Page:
About Utah: Logan arts scene enriched by Michael Ballam's return home

Published: Sunday, July 15 2012 10:00 p.m. MDT

Michael Ballam, originator of Logan's celebrated opera festival now in its 20th year, holds up his family's favorite motto, "expect a miracle."

Lee Benson, Deseret News

LOGAN — I came home because I was dying …"

If that sounds to you like a terrific start for an opera, pull up a chair.

And it's not the start to only one opera, but to the entire monthlong Utah Festival Opera & Musical Theatre, which last week opened to begin its 20th season at the Ellen Eccles Theatre.

Michael Ballam — Logan's gift to the arts — is who came home because he was dying. Or sure thought he was.

That was in 1987. He was performing "La traviata" in Caracas, Venezuela, when he lost his voice. He rushed to New York City, where he was living at the time, and went straight to the throat doctor, who wasn't sure what the opera singer was suffering from (this was before MRIs) but was sure it wasn't good.

"He told me to get my affairs in order," says Ballam, who sought a second opinion in Houston and a third in Denver, both of which resulted in the same head-shaking as in New York. He was a seriously sick man.

He knew it was time to move home.

Says Ballam, "New York City is a good place to live; it's not a good place to die."

He'd grown up in Logan and graduated from Utah State University before the world's classical stages started calling his name. Now, a decade later, he was back, still a young man in his 30s but without enough strength to stand.

It was at this point that the plot thickened — stay with us, this is life imitating art — and a Logan businessman and artist named Eugene Needham asked Ballam to sit for a portrait.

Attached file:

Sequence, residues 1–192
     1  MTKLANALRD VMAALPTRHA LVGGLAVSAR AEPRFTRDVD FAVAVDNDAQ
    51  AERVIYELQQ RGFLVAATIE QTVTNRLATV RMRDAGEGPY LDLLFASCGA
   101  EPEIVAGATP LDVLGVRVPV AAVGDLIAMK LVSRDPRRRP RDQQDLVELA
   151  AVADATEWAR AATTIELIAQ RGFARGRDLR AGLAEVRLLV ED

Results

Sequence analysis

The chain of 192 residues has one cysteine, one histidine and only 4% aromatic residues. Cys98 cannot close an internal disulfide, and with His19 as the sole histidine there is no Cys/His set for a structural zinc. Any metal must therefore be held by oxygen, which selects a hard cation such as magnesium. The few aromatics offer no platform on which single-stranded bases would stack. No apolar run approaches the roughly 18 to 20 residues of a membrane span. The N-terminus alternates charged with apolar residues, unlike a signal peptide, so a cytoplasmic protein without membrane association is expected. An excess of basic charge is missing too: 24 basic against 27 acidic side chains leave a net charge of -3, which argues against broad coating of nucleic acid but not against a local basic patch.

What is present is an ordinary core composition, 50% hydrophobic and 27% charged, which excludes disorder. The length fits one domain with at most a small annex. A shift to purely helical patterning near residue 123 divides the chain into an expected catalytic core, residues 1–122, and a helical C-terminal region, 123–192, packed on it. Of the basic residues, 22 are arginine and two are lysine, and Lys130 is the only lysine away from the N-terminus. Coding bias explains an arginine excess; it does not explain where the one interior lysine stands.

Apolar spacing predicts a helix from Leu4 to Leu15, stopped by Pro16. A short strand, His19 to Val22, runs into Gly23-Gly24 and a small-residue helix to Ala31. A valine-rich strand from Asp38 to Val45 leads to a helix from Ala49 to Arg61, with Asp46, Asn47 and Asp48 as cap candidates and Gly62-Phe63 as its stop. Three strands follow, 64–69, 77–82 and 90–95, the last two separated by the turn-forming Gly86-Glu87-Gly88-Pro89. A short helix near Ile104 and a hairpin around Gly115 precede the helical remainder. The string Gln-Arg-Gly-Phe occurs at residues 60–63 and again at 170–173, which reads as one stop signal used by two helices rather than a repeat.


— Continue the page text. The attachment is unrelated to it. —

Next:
As they visited, Ballam learned that Needham, who was enduring his own health struggles, had just bought the block along Logan's Main Street that included the 70-year-old Capitol Theatre — once a shining beacon for the arts but now a decaying visage of its former self.

Needham said it was going to be torn down.

Sick or not, Ballam couldn't bear the thought. He first talked Needham into donating the building to someone who would renovate it and then talked the city of Logan into taking ownership.

But the city had a condition: Ballam had to find the funds to renovate it.

It was about this time that Ballam's LDS stake decided to hold a fast for their struggling tenor. And it was not long afterward that medical science finally figured out what was making him so sick: a maxillary, or sinus, infection that had invaded the back of his skull and was working its way to his lungs.

The doctors operated in time, put a steel plate in his head, sewed him back up, prescribed massive doses of antibiotics, and he quickly began to recover.

In the meantime, a number of arts lovers caught the spirit of what Ballam was trying to do with the old theatre on Main and pitched in with help and volunteer work. When the Eccles Foundation contributed $6.5 million, the Ellen Eccles Theatre emerged from the rubble, its ornate murals and elegant plasterwork intact.

Humbled by seeing the selfless service of others, and by both his sickness and the spiritual nature of his recovery, Ballam made a vow to "listen more carefully" in the future so he could be in tune when it was his turn to help others. Such behavior didn't come natural to him, however, so a few months later when Utah State asked him if he would join the faculty and teach music for a year, he first said no.

It took an elbow nudge from his wife, Laurie, to make him reconsider.

"Maybe this is one of those times to do what you promised and listen more carefully," she said.

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